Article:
Reviewed by Ruth Latta
edited by Andrew Boyd and Dave Oswald Mitchell
Between the Lines
2014, ISBN 978-1-77113-1-159-9
Beautiful Trouble, subtitled “A toolbox for revolution”, presents creative ways of drawing attention to injustice. “If deployed thoughtfully,” write its “assemblers”, Andrew Boyd and Dave Oswald Mitchell, “our pranks, stunts, flash mobs and encampments can bring about real shift in the balance of power… Creative action gets the goods.” Andrew Boyd, an author and activist, led the ten year satirical media campaign, “Billionaires for Bush”. Dave Oswald Mitchell, a writer/ researcher, edited the Saskatchewan based magazine, Briarpatch, from 2005 to 2010.
Beautiful Trouble began as a website, and beautifultrouble.org is the “fullest expression of the project,” say the editors. Over seventy individuals or groups contributed articles. Contributors’ names are listed with the articles in the index, with author bios at the end. The book is organized into five categories of content: Tactics (types of action); Principles (insights); Theories (big picture concepts); Case Studies (examples) and Practitioners (groups and individual activists). Each article runs two to four pages, and is cross-referenced to other categories. The article on “banner hanging”, for instance, has side bars indicating who has practised the tactic (e.g. Greenpeace), the principles behind the action (“Show, don’t tell.”) and the theory behind the action (“Ethical spectacle.”) Other tactics range from well-known ones like the sit-in, the vigil, the general strike, the blockade and the trek, to newer ones like media hijacking, icon-altering, guerilla projection, image theatre, invisible theatre, and flash mobs, to name a few.
The “Principles” range from pithy to profound, including tips like “Don’t dress like a protester” and deeper matters like “Take leadership from those most impacted.” This latter principle means that those on the receiving end of a great injustice have the most to gain from a successful action but will bear the brunt of a failed one. They know the problem and potential solutions better than outside experts do, and their knowledge must be heard and respected within the movement.
“Take leadership with those most impacted” ties in with two big picture ideas in the “Theories” section. A number of innovative radical thinkers including Michel Foucault, Antonio Gramsci, Noam Chomsky and Paolo Freire who wrote about the expertise of everyday people and the role of intellectuals in serving social change were the sources for Zach Malitz’s article, “Intellectuals and Power”.
The capability of everyday people is shown in many of the Case Studies that form the next part of Beautiful Trouble. One outstanding example of ordinary folks taking a theatrical and prefigurative actions the mothers’ sit-in at a Rhode Island low income housing project, where the authorities were dragging their feet about establishing a day care centre. The women occupied the housing director’s office, brought their children and turned the office into a day care program, with much attention from the media.
Omitted from the book are some interesting Canadian “case studies”, such as the Relief Camp Workers’ Strike and the subsequent On-to-Ottawa Trek of 1935, which involved worthwhile tactics and organizational principles. The more recent, decade-long struggle against dumping Toronto garbage into the Adams Mine pits in Northeastern Ontario, the subject of a recent book by New Democratic Party Member of Parliament Charlie Angus, was also left out. The compilers note that some material on the site was omitted from the book because of time and space considerations.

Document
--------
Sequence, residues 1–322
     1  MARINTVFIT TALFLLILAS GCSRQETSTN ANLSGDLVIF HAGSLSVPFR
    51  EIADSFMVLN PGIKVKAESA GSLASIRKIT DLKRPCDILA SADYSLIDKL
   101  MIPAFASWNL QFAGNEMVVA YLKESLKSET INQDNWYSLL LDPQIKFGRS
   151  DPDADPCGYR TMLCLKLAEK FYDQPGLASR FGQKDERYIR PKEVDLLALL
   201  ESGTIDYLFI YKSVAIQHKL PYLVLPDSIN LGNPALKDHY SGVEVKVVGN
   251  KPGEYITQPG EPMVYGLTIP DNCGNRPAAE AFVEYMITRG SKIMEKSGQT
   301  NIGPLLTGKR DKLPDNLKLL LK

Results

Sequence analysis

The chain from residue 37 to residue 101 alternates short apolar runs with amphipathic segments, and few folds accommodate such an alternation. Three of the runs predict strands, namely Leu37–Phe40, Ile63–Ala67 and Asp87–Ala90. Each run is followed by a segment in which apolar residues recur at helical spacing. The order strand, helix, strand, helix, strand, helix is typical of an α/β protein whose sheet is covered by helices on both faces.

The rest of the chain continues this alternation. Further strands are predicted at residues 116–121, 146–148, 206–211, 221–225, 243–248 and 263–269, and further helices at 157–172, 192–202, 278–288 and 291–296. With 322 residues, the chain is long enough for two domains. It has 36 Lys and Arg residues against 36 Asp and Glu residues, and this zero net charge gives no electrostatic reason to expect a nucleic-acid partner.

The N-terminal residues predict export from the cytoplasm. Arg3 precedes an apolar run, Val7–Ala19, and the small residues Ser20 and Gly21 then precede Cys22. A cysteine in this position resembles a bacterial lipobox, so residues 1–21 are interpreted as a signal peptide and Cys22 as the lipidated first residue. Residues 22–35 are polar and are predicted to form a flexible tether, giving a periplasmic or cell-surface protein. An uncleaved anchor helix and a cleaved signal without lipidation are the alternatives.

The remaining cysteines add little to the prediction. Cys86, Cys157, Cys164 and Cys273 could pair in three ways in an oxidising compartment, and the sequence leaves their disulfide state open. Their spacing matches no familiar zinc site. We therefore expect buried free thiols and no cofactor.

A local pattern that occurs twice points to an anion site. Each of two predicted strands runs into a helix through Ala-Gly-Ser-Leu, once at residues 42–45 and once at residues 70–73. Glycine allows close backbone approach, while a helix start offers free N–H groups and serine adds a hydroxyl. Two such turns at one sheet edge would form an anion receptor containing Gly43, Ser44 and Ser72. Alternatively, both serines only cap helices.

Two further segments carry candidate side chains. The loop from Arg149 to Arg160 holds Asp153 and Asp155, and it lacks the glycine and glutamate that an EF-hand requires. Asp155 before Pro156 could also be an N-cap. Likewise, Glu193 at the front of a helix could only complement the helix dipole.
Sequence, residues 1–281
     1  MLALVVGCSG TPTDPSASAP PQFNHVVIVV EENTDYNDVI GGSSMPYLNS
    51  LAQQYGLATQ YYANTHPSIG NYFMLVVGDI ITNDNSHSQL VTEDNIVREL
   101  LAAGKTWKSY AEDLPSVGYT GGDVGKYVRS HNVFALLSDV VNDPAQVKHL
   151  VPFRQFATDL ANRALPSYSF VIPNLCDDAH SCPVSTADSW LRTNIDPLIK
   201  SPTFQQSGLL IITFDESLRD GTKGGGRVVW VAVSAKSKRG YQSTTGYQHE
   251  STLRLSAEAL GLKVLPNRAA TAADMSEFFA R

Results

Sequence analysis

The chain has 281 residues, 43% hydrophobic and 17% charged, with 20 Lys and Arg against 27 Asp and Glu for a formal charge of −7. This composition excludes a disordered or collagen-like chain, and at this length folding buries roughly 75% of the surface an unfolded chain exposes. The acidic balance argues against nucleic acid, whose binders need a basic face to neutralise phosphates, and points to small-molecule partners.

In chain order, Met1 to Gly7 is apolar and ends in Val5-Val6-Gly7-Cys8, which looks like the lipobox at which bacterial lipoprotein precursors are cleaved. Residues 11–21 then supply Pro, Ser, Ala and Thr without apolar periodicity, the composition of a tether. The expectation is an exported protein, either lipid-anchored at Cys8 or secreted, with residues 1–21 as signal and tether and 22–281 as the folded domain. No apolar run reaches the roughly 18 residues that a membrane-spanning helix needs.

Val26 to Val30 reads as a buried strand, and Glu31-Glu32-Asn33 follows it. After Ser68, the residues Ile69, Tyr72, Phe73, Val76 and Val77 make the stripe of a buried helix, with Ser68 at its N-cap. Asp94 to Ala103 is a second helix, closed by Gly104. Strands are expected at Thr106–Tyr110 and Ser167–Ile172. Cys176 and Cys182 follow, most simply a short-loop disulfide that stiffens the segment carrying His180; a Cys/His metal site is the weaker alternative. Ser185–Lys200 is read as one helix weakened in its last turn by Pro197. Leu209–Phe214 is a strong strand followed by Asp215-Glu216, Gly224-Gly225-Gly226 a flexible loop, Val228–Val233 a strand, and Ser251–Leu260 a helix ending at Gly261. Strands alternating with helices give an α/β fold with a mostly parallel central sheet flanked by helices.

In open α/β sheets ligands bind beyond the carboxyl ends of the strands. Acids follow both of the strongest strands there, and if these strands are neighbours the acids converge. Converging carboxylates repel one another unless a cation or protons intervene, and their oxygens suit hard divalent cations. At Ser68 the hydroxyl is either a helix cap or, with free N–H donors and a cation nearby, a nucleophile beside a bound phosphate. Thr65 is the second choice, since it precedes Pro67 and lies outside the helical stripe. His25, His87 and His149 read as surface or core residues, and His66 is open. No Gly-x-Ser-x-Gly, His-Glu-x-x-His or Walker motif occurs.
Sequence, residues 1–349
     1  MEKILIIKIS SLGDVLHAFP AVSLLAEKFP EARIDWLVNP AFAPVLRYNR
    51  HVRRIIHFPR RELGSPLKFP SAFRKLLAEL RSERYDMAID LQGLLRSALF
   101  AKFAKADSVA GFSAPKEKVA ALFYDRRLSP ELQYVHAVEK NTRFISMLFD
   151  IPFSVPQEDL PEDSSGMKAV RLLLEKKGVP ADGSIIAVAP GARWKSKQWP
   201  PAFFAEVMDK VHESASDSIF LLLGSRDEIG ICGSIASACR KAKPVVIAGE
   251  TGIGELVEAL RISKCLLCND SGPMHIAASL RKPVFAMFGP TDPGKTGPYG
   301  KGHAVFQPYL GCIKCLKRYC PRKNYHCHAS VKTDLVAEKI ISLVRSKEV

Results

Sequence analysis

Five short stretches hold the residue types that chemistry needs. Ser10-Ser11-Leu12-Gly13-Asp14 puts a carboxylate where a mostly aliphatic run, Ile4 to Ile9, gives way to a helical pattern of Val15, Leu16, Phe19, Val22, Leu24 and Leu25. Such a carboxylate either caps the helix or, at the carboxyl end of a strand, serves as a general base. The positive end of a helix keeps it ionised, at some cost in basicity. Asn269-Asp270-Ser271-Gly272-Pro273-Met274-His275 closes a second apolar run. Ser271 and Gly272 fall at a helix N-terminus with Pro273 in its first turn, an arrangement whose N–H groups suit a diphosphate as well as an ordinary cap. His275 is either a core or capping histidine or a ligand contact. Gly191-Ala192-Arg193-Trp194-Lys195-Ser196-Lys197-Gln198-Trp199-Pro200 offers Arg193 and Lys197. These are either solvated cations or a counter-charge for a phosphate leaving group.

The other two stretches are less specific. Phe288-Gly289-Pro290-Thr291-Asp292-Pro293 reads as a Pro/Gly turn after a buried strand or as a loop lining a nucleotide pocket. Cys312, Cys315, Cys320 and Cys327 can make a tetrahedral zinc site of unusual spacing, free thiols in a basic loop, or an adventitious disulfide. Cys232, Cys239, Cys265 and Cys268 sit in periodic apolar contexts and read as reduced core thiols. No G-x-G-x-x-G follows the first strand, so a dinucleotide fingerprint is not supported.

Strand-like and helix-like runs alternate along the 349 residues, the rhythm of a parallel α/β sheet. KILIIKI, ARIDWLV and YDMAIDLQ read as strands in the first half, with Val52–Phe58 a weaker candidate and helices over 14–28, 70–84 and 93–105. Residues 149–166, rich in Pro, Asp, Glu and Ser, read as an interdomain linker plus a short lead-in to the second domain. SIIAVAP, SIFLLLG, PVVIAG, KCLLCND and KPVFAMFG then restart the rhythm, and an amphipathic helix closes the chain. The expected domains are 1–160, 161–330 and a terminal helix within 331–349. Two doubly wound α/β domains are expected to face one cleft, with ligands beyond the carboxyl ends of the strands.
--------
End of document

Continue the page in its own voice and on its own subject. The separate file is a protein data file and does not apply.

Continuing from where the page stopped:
One Canadian case study, the unforgettable “Teddy Bear Catapult” at the Quebec City protest against the April 2001 free trade summit, made it into the book, along with other memorable events like the 1999 Battle at Seattle, the 2011 Tar Sands Action in Washington, D.C., and the 2011 occupation of the Wisconsin legislature. In many instances a total victory was impossible, but the actions were worthwhile for raising awareness and radicalizing radicalized people.
Including historical non-violent actions shows that today’s activists are part of an illustrious tradition. In her article on the 1930 Salt March, for instance, Nadine Bloch analyzes and explains this clever tactic in support of the Indian Independence strategy. Appointed by the Indian National Congress, Mahatma Gandhi originated the idea of a march to the ocean to make salt from sea water, in defiance of the British monopoly on salt production. He and his advance organizers framed the trek as a spiritual march thus appealing to Indian tradition and gaining widespread support. A trek by its nature picks up followers as it progresses. Anyone who could go to the sea could participate. The majority of people were poor and seriously affected by the cost of salt. By bringing together people of all castes, Gandhi’s inspired action “prefigured” a new way of life in India. Finally, it put the target, the British colonial administration, in a “decision dilemma.”
Urging readers to visit beautifultrouble.org, Boyd and Mitchell want reader participation to keep the site “abreast of emerging social movements and their tactical innovations.” Someday, probably, there will be a Beautiful Trouble 2. But Boyd and Mitchell remind readers that actions speak louder than words: “These ideas are nothing until they’re acted upon,” they conclude. “We look forward to seeing what you do with them.” Ruth Latta’s books, which include They Tried: The Story of the Canadian Youth Congress, and Grace MacInnis: a woman to remember, are described on http://ruthlattabooks.blogspot.com.
Ruth Latta’s novel, The Old Love and the New Love (Ottawa, Canada, Baico, 2012) is available at email@example.com. For information about reviewer Ruth Latta’s writing, please visit http://ruthlattabooks.blogspot.com.